Foster’s Tavern, located along the Old Georgia Road was constructed in 1807.  The imposing home was built of hand thrown brick made from a nearby clay pit.  This public house was an elegant inn noted for its fine hospitality during the antebellum period.  John C. Calhoun was a regular guest at Foster’s Tavern as were a number of other notable travelers.  More recently known as the Ruff House, the landmark stands at the corner of South Carolina Highway 56 and Highway 295 near Cedar Springs.

By the way, the aforementioned clay pit was the place where my grandfather built his home in 1937.  It is the home in which our family still lives.

At a cookout several years ago, I admired an outdoor grill made entirely of brick.  The owner explained that he had built the grill out of brick that were left over from the construction of a retaining wall along his driveway.  He hired professional bricklayers to build the wall.  He watched the masons mix mortar and wield trowels as they crafted the long curved wall.  Feeling somewhat confident that he had learned the art of bricklaying by merely watching the skilled laborers, he decided to try building the brick grill on his own.

After two or three frustrating attempts, he questioned his ability to complete the job.  “I finally asked one of the men who built the wall to help me with the grill,” he confessed. “It was not as easy as it looked.”

Over the years I have seen masons working at their craft. The art of bricklaying requires skills that must be learned. A seasoned mason uses a trowel in the same way as an artist use brushes. Furthermore, the precision of the work requires masonry twine, levels, and plumb lines.

I have tried my hand at bricklaying on a few simple projects. I can attest that it is not as easy as it looks.

Masonry work requires, not only a skilled hand and a sharp eye but also a keen mind.  Years ago, a college math professor came to the lumberyard to buy brick.

“I need five thousand, eight hundred, and ninety seven brick,” he announced.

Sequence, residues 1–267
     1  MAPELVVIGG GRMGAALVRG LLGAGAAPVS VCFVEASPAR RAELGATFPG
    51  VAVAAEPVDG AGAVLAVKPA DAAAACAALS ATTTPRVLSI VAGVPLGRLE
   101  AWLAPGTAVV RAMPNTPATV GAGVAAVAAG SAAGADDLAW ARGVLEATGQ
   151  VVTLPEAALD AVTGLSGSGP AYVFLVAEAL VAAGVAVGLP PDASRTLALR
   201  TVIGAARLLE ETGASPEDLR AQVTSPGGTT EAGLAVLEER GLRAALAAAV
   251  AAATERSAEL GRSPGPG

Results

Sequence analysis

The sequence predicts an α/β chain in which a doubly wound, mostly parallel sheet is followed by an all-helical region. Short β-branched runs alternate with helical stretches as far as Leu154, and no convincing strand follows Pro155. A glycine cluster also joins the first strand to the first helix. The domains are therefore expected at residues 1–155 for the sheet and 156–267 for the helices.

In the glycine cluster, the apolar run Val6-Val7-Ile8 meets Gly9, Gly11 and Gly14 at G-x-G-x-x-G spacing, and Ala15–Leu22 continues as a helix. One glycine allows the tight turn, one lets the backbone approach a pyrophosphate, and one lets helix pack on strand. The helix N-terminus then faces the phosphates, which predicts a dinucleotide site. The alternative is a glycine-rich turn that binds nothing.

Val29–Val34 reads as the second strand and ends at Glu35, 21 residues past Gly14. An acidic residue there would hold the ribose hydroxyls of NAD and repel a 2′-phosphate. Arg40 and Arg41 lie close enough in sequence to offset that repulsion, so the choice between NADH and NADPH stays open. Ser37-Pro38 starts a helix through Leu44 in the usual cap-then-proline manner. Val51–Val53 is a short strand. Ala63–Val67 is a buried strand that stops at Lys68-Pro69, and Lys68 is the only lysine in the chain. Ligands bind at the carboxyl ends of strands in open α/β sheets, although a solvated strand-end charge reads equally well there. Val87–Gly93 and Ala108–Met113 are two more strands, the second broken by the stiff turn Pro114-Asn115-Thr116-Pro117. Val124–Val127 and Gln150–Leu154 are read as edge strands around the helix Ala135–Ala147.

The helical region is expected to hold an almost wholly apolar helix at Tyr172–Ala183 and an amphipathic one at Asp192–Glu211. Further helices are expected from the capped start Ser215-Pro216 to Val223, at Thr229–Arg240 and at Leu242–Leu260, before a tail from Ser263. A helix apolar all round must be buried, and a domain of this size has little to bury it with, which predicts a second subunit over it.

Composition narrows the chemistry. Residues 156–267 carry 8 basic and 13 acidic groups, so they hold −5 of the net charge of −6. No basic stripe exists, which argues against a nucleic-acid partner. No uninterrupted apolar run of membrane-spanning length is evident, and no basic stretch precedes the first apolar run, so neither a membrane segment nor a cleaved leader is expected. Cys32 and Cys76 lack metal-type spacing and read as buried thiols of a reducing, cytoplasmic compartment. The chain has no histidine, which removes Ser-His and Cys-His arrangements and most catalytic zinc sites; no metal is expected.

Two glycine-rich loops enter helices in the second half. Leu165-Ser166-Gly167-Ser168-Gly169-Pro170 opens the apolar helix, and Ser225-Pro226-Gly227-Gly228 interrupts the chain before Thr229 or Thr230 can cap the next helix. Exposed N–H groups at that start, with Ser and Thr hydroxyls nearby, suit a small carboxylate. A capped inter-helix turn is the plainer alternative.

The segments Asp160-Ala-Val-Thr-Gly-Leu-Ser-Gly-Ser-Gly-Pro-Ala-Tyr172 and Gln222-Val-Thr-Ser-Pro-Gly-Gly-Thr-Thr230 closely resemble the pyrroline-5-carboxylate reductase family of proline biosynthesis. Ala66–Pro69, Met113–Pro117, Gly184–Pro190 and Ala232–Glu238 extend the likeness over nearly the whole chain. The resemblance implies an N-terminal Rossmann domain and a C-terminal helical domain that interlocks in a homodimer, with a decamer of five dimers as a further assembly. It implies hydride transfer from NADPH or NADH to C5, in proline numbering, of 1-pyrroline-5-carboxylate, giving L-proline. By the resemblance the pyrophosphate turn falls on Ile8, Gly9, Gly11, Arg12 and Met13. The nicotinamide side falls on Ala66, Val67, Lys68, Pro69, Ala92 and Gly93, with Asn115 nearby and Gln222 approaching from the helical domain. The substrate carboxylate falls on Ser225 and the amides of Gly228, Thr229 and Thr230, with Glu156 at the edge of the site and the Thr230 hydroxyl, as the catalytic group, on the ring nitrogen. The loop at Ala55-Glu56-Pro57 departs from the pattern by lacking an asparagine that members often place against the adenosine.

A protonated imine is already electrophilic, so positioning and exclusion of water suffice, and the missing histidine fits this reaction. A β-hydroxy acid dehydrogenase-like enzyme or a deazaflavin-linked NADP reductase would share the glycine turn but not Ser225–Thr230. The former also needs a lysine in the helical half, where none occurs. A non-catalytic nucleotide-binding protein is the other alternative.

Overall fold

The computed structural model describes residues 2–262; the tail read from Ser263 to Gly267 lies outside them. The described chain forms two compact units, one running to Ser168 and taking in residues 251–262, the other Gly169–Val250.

My grandfather said, “We usually sell brick by the thousand, but I’ll sell you that exact amount for the same price as six thousand.”

The professor blinked for a moment before my grandfather added, “That’s a lot of brick.  What are you building?”

The professor explained that he was closing in his carport to make a family room and planned to construct a fireplace with a chimney on one end of the new addition.

My grandfather commented that it must be a mighty big chimney.  Then he asked, “Tell me how you figured your brick.”

The professor explained that he had measured several brick, and he had measured mortar joints.  Multiplying the dimensions of the fireplace and chimney, he had calculated exactly how many brick he needed.

He insisted again, “I need exactly five thousand, eight hundred, and ninety seven brick.”

My grandfather took a puff on his cigar and said, “Fellow, you’re not from around here, are you?”

“No,” he said. “We moved here from the Midwest last year.”

With another puff of his stogie, my grandfather said, “I don’t know how folks build chimneys where you come from, Professor, but in this part of the world, we usually leave a hole up through the middle of the chimney so the smoke can get out.”

“Oh, no!” exclaimed the professor. “I calculated a solid chimney!”

Laying brick is just not as easy as it seems.